Week of May 23, 2004
We got back to La Paz without incident (and without blockades as it was Sunday and thankfully, the strikers take the day off). We ran to embrace Cindy and we found her safe and sound with Rolando. Well, maybe a little unsound because unfortunately, Rolando misjudged the strength and stability of his jack and when he lifted Cindy off her stabilization jacks to a height of about 18", she slipped right off Rolando's front jack and Wham! slammed her back window right into a 2" diameter pole the serves as a roof rafter for his workshop.
So, simply put, we have now replaced all the windows in Cindy thanks to wear and tear, the shipping company (which still will not admit fault), and Rolando. At least Rolando had the class to admit what he did and has helped us replace the glass at his cost of $40US (tempered and tinted, muy barata - very cheap). Of course, our luck would have it that the first cut glass was improperly measured (by the glass shop); however, the glass man took the piece back to his shop to trim it and he agreed to assist us with the installation in the old frame.
We just messed around getting Cindy winterized and running better than she has since leaving the United States. We made sure our heater was in working order to combat the freezing mornings and Cindy just keeps surprising us. We left the US with the Pollyannaish hope that we could make it all the way to Brasil with Cindy but there was always this voice in the back of our minds questioning our hopes. Well, it appears our hopes are worthy and our fears have greatly subsided. She is a tough old broad, that she is!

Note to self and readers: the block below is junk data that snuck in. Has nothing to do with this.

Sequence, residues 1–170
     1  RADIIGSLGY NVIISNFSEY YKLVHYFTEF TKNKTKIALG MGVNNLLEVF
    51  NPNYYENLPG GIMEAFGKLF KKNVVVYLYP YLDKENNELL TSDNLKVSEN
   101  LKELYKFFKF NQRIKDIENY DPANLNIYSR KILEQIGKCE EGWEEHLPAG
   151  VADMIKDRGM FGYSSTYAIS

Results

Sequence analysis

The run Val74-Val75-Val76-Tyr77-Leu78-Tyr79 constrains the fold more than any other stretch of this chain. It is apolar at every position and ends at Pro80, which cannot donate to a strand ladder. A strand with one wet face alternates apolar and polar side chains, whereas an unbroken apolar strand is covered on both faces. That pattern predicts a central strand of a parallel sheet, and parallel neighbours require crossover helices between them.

We also had to make a few trips to a local physician. A few days before we started our trek around southern Bolivia, I started having nose bleeds and a bothersome sinus infection. Thinking it was just the altitude and dry air combined with a cold, I did the usual treatments - hot drinks, vitamin C, decongestant, soup, plenty of sleep, etc. What I was not prepared for was the light hemorrhaging that lasted for two weeks.
Upon return to La Paz, we happened in on a clinic close to where were staying and there was an Otorrinolaringologist (say that three times fast!), Dr. Alvaro M. Garcia Arce. A very quick look at my nose and he asked us to go to his medical office that afternoon. First, we had have my head x-rayed (yes, there was a mass where my brain was supposed to be) for an exorbitant amount of $20 and then off to Dr. Garcia Arce's office.
What he found was a sinus infection that he suspects I had for quite a while (hence a lot of sniffing when I would lay down at night) and he also found a hole between my septum and the skull. The hole may be a complication from a septum surgery I had in 1996 but it also could be something that just appeared. Nothing can be done about my interior nose piercing but he took care of the sinus infection and the resulting bloody nose problem. After seven visits (for sinus flushes - talk about cleaning out your head), the x-rays and the three prescriptions, the total cost ran about $150. Remarkable!